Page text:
Facts and Figures: Roughriders vs Stampeders

 

Roughriders vs Stampeders 

Countdown to Kickoff: 2:00

Rider Nation Pre-Game Show: 4:00

Opening kickoff: 5:00

Game time Weather in Calgary

Mostly Cloudy. Wind S 13-27 km/hr. +23

  • All-time Record. Today will mark the 239th time the Roughriders will battle the Stampeders. Calgary holds an edge in the all-time head to head record at 136-93-9.
  • Home Cooking. The Stampeders have enjoyed more success all-time against Saskatchewan at McMahon Stadium with a 78-37-5 record.
  • Home, not so Sweet Home. Lately it has been a struggle for the Stamps at home, with a record of 3-5 over their last eight games.
  • Clean Sweep. Calgary defeated Saskatchewan in both of their matchups in the 2022 season.
  • Advantage Stamps. Over the last three years, the Stamps have won the season series against the Roughriders
  • Sibling Rivalry. Riders Head Coach Craig Dickenson has struggled against his brother, Dave, the Stampeders with a 1-6 record. The Saskatchewan head coach has a record of 28-17 against the other eight teams in the league during his time leading the Roughriders.
  • One sided. Saskatchewan quarterback Trevor Harris hasn’t experienced much success against Calgary, the Stamps record against Harris is 10-1-2.
  • Going Deep for Success. Last week, Harris was successful with the deep ball against Winnipeg, he was 12/19 for 244 yards when throwing the ball 10+ yards down the field.
  • Maier for Success. Stamps QB Jake Maier is 2-0 against Saskatchewan, as the Roughriders have been unable to record an interception against Maier.
  • Hat Trick. Riders receiver Samuel Emilus tied a club record last week with three touchdown receptions. They were also the first three touchdown receptions in the CFL for the second-year Roughriders receiver.

 

Don’t forget to tune into the 5th Quarter Post Game Show with Michael Ball and Luc Mullinder.

Following that, it’s the SportsCage Radio Round Table

(Information courtesy Canadian Football League)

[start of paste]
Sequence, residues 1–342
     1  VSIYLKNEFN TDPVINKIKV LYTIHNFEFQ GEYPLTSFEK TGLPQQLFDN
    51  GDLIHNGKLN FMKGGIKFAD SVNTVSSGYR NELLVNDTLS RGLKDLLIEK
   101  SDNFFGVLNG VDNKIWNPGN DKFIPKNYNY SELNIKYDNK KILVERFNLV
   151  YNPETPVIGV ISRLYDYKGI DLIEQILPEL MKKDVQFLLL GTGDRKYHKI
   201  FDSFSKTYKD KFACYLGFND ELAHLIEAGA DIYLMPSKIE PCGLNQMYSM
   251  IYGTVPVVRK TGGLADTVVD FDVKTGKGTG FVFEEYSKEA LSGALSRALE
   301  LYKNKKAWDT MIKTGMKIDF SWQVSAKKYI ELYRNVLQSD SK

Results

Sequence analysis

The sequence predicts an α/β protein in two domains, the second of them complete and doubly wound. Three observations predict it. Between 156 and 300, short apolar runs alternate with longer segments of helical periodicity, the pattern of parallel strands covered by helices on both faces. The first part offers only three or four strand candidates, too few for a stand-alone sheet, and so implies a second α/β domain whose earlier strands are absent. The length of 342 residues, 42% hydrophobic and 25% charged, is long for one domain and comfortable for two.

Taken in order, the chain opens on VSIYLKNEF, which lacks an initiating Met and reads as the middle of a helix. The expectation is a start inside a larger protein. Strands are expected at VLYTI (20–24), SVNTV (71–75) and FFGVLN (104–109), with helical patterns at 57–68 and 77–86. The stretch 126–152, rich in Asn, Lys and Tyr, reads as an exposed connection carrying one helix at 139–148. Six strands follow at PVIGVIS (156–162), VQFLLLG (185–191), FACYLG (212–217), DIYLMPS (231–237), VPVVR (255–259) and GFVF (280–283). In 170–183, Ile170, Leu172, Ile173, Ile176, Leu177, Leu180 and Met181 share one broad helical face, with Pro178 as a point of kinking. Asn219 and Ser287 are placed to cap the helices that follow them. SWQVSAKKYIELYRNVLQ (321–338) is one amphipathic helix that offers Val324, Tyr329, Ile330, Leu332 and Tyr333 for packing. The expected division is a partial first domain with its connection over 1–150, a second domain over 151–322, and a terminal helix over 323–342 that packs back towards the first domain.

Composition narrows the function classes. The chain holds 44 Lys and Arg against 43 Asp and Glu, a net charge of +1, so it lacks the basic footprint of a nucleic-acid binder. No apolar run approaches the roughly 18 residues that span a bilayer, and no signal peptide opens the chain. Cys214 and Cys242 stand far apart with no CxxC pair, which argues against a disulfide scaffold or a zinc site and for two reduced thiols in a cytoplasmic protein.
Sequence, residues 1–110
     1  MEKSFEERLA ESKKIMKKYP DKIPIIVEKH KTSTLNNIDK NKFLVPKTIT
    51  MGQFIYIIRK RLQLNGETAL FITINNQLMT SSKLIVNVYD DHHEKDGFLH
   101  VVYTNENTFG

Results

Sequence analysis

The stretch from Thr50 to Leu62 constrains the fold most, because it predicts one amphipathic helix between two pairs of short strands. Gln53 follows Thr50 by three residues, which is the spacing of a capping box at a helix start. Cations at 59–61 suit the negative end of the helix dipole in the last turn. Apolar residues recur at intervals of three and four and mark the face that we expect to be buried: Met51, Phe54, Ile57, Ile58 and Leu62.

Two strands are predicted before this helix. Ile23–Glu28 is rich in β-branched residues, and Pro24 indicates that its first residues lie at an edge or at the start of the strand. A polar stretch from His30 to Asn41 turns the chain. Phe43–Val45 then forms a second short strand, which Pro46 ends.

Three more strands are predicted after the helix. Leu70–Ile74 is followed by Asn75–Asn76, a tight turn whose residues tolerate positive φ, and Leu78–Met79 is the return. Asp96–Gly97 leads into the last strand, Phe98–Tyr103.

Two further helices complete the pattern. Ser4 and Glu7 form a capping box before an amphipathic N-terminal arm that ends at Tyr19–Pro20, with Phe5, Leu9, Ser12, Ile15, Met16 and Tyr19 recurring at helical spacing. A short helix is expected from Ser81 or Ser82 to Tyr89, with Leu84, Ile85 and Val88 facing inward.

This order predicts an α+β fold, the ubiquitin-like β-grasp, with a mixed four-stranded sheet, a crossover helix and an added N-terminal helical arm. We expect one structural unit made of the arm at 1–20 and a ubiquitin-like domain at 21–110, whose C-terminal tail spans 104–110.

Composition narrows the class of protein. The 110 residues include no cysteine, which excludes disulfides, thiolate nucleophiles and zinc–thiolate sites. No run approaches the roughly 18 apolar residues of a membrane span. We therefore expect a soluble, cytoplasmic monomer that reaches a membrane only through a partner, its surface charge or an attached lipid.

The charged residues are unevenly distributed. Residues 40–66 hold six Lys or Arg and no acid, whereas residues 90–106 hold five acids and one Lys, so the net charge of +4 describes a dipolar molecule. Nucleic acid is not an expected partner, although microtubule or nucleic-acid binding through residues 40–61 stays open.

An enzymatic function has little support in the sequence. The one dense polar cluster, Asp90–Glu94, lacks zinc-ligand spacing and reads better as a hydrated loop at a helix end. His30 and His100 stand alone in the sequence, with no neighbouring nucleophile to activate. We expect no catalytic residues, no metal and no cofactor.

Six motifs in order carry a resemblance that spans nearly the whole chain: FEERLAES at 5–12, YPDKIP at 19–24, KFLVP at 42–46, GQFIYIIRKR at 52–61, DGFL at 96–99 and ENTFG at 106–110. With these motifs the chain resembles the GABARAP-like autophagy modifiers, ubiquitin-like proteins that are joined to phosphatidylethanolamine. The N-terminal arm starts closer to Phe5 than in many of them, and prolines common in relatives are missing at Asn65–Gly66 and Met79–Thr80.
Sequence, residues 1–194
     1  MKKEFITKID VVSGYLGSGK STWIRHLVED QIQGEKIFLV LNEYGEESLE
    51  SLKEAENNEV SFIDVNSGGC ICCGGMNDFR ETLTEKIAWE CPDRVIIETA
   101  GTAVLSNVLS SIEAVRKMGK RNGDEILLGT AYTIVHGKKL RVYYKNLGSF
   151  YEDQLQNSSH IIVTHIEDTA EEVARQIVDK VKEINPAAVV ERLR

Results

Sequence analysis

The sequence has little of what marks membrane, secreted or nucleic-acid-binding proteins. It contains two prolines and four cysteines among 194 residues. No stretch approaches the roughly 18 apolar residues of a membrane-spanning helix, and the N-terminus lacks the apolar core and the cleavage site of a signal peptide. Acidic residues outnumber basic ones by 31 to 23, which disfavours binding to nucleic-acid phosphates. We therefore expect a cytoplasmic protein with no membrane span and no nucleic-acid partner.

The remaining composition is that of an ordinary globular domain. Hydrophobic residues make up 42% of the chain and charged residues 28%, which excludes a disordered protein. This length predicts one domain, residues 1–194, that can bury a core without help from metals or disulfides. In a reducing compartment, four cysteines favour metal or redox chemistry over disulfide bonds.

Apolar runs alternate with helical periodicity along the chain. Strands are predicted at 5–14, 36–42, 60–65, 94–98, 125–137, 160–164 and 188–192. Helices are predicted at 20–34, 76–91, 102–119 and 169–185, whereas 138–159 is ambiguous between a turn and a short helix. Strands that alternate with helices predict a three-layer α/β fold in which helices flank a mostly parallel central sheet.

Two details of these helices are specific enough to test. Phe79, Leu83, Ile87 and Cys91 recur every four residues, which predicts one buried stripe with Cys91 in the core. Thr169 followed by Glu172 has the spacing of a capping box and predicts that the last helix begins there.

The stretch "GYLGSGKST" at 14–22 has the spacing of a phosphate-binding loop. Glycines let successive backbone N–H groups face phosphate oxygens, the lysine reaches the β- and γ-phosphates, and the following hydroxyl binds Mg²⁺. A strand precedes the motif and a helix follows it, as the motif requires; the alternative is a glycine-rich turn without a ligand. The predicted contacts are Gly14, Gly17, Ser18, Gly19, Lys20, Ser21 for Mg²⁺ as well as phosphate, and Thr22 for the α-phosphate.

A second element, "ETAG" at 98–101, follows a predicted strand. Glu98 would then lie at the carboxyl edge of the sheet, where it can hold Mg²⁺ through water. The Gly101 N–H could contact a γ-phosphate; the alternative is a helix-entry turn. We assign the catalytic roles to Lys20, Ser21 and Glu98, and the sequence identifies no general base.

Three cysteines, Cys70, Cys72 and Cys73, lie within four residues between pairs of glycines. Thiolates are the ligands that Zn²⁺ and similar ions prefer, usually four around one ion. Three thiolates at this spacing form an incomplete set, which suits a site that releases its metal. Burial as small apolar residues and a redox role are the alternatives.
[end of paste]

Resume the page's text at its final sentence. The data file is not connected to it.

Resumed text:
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    Brad Gushue was cruising at the 2018 Canadian men’s curling championship in Regina. After winning a first Brier in storybook fashion in his hometown of St. John’s N.L. and a world championship in 2017, the pressure was off and his curling team fired on all cylinders in Regina. But a lesson was learned there to which Gushue teams still adhere. “We no longer eat steak during the week,” the skip said Friday at the Brandt Centre. “We went out for a steak dinner one night and we played a morning game after that and we played so poorly, but we were on fire all week. We haven’t had steak during the week ever since.” “We had a great meal and probably ate too much and that’s why we were probably still full the next morning and played poorly.” Gushue opened the 2024 Montana’s Brier on Friday evening against Nova Scotia’s Matt Manuel. The Olympic gold medallist in 2006 and bronze medallist in 2022 returns to Regina in pursuit of a second title in that city and a career sixth for the skip, third Mark Nichols and lead Geoff Walker. The three men can equal Randy Ferbey’s records of six Brier wins and three consecutive titles. “It’s more about just being the champion this week and being the team that’s hoisting that Tankard trophy,” Gushue said. “It’s that moment that I’m going for. Not the three in a row or six. Those things don’t really matter that much to me. “Our legacy is kind of cemented really, to be honest with you with what we’ve achieved so far from the province that we live in, in winning an Olympics, winning a bronze medal at the Olympics and five Briers “I don’t think it’s going to change too much now. It’s just for that personal satisfaction of having that really cool moment of winning and, you know, the party after.” The Brier’s 18-team field includes seven teams ranked in the country’s top 10. Under new Curling Canada criteria for the national championship, Alberta’s Brendan Bottcher and Manitoba’s Matt Dunstone knew last year they were entered based on their ranking at the end of the 2022-23 season. Like Gushue, Bottcher and Dunstone planned their seasons around peaking for Regina. Dunstone lost 7-5 to Gushue in the 2023 final in London, Ont. Four-time champion Kevin Koe of Alberta and host Saskatchewan skipped by Mike McEwen are also teams to watch in Regina. “Very tough,” was Gushue’s assessment of his 2024 competition. “There’s seven teams here that I think have a really true, legitimate chance of winning. And then you never know. There’s some really good teams, that if everything falls into place, can end up being in the playoffs, especially with this format.” The top three teams in each pool of nine advance to the first round of playoffs. Tiebreaker games have been eliminated from the format to fall in line with world championships and Olympic Games. Head-to-head results are the first tiebreaker, followed by cumulative scores in the draw-the-button that precedes each game. A five-way tie at 4-4 for the final playoff spot was solved by the latter formula at the recent Canadian women’s championship in Calgary. The four Page playoff teams will emerge from the group of six. The winner March 10 represents Canada at the men’s world championship March 30 to April 7 in Schaffhausen, Switzerland and returns to the 2025 Montana’s Brier in Penticton, B.C. The victor also claims the first berth in the 2025 Olympic trials pending a top-six result at the world championship. Gushue went 12-1 en route to victory in 2018. His teams have won a lot of big games since then, but Nichols recalls the “flow” state they were in, in which they felt they couldn’t miss a shot in Regina. “I’d love to feel that way again,” Nichols said. “As you go into events, you get a good feel for the ice and you can see yourself making shots. Brad gets a good feel of where to put the broom and then it kind of feels easy. As athletes, you try to get into the zone or find that flow. When you do find it, you just try to ride it. You know it’s not going to stay forever. “Lucky for us, in that event, and you rewind to the world championships the year before, when we played we were kind of in that moment. You just ride it as long as you can and hope it lasts through the event. “Sometimes it doesn’t. Sometimes it does. That Brier in ’18 was one of those.”